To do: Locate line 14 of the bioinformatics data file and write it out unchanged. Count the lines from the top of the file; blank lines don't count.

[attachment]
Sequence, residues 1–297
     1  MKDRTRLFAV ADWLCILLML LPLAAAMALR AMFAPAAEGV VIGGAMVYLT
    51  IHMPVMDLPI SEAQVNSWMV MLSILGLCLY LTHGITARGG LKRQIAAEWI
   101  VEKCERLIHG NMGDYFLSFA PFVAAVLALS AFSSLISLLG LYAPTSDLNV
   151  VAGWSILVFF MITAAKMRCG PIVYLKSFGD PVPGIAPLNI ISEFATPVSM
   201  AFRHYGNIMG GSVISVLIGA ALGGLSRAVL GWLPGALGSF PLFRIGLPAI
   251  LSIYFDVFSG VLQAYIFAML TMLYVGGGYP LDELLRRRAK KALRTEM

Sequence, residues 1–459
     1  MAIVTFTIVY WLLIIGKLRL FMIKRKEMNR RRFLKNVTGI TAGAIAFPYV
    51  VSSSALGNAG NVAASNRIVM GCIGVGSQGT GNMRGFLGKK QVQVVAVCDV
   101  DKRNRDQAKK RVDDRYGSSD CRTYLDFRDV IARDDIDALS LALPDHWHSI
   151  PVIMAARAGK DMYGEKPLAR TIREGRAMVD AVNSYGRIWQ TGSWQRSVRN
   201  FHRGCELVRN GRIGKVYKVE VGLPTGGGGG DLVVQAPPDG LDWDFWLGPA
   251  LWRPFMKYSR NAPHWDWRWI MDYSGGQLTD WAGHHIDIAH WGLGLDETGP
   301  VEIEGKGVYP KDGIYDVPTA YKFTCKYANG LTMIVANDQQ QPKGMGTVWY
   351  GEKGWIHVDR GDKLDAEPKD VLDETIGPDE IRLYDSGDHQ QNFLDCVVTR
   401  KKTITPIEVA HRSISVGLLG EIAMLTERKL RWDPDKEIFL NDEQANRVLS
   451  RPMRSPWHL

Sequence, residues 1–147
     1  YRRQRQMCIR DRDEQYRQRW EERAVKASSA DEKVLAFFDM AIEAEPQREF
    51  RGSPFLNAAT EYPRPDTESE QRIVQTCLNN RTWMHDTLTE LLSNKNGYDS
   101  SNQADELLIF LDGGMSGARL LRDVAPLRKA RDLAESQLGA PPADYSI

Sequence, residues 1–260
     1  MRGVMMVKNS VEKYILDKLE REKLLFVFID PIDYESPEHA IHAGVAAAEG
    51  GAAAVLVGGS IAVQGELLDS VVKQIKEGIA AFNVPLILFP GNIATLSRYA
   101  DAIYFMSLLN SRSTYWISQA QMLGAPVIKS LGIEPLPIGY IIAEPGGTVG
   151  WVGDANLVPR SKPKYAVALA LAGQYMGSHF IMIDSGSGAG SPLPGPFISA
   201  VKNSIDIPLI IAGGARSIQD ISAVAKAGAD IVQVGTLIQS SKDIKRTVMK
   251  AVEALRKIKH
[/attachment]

   251  LWRPFMKYSR NAPHWDWRWI MDYSGGQLTD WAGHHIDIAH WGLGLDETGP